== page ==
Chinese Asylum Seekers Detained After Boat Founders in Storm

Nine Chinese asylum seekers were taken by officials Wednesday back to the beach in Chumphon province where their boat foundered the night before. Photo: Courtesy Lisa Zhang

By Todd Ruiz and Teeranai Charuvastra

CHUMPON — Nine Chinese refugees who tried to leave Thailand by sea were forced to return to shore by stormy weather, and now three are being held on immigration charges.

Two members of a spiritual sect persecuted by Beijing, five activists and two children were among the group which set out from Pattaya in hope of reaching New Zealand when high waves late Tuesday night disabled their yacht, according to the wife of one.

“They were already on the open sea but still near Thailand,” said 35-year-old Lisa Zhang, who recounted their story Thursday from Bangkok. “Strong winds, waves were 3 or 4 meters high, so the boat was very dangerous … and grounded near the [shore]. The water was getting into the boat, so they swam.”


Read: Chinese Journalist Who Defected is Missing From Thailand

Once upon shore, the nine Chinese were taken by police to a hotel. On Wednesday they were taken back to the shore to take photos with the boat and get their belongings, all while being paraded before the press.

Somphorn Asi-uko, a local official of Chumphon province’s Pathio District in, said four of the nine people didn’t have passports with them, but all had certificates verifying their status as asylum seekers issued by the UNHCR.

Zhang said she and her husband, 43-year-old Song Zhiyu of Hepai province, are members of China’s banned Falun Gong movement and had been living in Thailand for some time while seeking formal refugee status and eventual resettlement.

While Thai authorities in the past had mostly left Falun Gong in Thailand alone, she said they have been raiding homes and harassing them during the past year.

Before leaving by boat Monday, Song and other asylum seekers feared being deported back to China as Bangkok grows increasingly close to Beijing.

Lisa said remaining in Thailand was growing too difficult, so her husband chipped in about USD$6,000 to cover the expenses of the trip.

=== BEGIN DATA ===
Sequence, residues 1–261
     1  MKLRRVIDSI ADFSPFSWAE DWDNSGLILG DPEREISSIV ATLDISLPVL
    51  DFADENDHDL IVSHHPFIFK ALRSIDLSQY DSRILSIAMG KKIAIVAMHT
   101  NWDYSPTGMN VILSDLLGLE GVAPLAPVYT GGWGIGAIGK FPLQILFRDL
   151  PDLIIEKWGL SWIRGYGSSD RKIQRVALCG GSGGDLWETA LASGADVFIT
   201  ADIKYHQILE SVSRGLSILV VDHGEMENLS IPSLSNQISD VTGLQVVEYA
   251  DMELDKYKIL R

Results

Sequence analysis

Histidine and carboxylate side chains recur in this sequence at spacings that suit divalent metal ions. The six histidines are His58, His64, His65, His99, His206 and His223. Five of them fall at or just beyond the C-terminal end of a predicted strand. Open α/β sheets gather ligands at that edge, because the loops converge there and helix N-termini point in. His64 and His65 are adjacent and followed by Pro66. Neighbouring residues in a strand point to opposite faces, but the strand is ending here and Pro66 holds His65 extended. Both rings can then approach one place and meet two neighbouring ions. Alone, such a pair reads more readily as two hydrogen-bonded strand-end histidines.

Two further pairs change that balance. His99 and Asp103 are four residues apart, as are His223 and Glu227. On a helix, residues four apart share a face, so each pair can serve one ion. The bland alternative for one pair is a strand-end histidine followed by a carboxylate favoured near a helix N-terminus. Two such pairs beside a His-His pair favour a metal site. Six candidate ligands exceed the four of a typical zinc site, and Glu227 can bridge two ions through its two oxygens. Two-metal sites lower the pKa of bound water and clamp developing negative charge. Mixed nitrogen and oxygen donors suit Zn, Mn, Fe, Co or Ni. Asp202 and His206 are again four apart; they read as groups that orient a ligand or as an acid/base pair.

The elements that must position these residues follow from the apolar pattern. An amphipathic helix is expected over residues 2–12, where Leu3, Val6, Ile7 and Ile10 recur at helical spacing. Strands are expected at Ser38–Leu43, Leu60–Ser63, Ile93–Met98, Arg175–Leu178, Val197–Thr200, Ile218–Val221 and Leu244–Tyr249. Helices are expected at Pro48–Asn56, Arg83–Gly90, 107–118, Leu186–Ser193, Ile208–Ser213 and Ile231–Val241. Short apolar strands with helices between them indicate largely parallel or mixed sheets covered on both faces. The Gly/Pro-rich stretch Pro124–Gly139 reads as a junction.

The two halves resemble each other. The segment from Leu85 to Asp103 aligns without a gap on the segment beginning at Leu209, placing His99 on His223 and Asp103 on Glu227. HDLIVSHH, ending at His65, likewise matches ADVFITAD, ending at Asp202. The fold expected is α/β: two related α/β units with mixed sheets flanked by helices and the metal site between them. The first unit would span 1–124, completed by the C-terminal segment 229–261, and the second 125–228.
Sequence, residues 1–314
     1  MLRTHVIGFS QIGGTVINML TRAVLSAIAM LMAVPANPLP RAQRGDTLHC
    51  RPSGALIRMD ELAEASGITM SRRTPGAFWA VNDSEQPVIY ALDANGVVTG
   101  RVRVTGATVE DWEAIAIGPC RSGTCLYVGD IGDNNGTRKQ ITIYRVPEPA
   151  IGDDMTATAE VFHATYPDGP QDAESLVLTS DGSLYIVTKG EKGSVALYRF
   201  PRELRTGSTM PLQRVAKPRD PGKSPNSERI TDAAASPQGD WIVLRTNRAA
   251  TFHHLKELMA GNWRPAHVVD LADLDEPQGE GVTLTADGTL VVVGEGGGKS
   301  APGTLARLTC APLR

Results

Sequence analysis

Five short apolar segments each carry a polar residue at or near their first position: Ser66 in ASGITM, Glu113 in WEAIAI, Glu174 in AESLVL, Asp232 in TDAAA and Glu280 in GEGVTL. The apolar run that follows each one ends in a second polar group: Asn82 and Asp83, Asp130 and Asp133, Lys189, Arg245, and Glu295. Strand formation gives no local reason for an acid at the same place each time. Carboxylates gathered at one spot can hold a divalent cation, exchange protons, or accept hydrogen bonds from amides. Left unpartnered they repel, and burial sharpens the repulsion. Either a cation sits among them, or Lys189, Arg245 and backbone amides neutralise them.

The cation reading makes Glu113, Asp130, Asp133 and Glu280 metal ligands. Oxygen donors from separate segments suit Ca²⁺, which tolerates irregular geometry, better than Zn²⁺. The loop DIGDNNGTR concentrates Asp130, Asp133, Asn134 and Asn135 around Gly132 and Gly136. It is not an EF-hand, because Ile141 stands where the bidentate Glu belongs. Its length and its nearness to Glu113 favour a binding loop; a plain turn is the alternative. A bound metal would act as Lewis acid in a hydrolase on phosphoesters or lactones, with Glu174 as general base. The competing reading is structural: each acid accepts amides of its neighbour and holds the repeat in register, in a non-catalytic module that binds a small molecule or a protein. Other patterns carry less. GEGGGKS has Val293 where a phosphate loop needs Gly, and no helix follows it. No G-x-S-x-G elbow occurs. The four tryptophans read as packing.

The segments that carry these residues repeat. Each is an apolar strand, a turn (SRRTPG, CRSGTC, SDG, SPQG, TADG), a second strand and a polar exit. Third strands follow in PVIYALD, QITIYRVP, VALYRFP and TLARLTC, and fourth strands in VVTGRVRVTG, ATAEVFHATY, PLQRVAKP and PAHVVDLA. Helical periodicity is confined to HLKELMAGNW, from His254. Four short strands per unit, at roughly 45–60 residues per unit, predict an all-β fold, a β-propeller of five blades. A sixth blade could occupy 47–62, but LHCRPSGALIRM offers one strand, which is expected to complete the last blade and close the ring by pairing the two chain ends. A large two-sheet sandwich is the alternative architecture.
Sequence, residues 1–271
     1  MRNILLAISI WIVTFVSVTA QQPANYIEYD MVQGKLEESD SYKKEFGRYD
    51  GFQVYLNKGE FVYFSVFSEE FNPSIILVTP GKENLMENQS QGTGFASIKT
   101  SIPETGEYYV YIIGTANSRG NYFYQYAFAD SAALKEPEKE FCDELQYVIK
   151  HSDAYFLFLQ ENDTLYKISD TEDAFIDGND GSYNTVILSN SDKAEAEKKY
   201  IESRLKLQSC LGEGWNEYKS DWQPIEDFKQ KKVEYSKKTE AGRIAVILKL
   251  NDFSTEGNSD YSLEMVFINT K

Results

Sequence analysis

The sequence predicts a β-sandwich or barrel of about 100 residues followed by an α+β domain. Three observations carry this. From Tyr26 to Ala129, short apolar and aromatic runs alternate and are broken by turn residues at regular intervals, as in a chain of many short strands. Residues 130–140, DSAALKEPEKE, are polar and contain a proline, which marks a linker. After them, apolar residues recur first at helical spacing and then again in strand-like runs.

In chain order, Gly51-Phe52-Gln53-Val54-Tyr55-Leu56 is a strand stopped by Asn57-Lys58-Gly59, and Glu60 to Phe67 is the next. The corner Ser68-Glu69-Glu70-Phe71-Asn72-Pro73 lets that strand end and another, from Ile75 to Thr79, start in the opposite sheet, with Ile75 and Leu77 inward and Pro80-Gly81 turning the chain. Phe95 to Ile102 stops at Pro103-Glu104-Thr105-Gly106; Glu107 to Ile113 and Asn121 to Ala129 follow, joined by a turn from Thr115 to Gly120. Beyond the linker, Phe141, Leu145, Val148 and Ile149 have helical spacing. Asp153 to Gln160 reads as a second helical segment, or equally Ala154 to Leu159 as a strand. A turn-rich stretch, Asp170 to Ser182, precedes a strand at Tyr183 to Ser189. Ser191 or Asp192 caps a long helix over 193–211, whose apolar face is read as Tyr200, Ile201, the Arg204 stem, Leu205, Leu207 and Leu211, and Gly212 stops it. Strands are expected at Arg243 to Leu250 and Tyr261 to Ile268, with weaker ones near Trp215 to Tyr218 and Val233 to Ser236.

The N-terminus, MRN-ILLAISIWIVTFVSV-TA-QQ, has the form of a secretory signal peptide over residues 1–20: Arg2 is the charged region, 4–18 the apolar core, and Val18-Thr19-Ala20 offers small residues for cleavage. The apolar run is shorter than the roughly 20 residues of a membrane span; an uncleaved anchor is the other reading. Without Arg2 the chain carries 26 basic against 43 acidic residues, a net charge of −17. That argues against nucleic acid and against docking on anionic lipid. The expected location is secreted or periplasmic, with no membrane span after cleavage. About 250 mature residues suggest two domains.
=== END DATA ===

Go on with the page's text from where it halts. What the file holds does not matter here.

“We have no hope, we can’t work here, we’re not safe here,” she said. “It’s too difficult for us.”

She didn’t go due to the expense – and her fear.

“I’m afraid something will happen, afraid I will die,” Lisa said. “Afraid they will die.”

Somphorn said rescue workers found the yacht, the MW Marine, beached with hull damage caused by a rock off Thungsang Beach in Pathio district. Rescue workers and police officers inspected the scene and found it was captained by Li Xiaolong, his wife and two children. No one was injured.

Zhang said her husband Song, Li and Li’s wife are being held on immigration violations. She said immigration police took Li’s infant baby away, while the other four members of the group who had valid visas and remained free grabbed the 7-year-old child away from the authorities.

Asylum seekers typically live off the grid in Bangkok as Thailand does not recognize their legal status and sometimes prosecutes them for entering the country illegally.


In 2015, Bangkok forcibly returned more than 100 Uighur refugees discovered transiting in the south of Thailand. They were flown back to China in blindfolds and described as “terrorists” in Chinese media.

A number of Chinese dissidents have vanished while in Thailand. Li Xin, a democracy activist and journalist, vanished in January and hasn’t been seen since. Gui Minhai, a bookseller from Hong Kong, disappeared from Pattaya in October. He eventually showed up in China and speculation ran that he was abducted by Chinese agents.

Correction: An earlier version of this story indicated Lisa Zhang was not a member of Falung Gong – she is. Li Xiaolong’s name has been updated to reflect its preferred transliteration.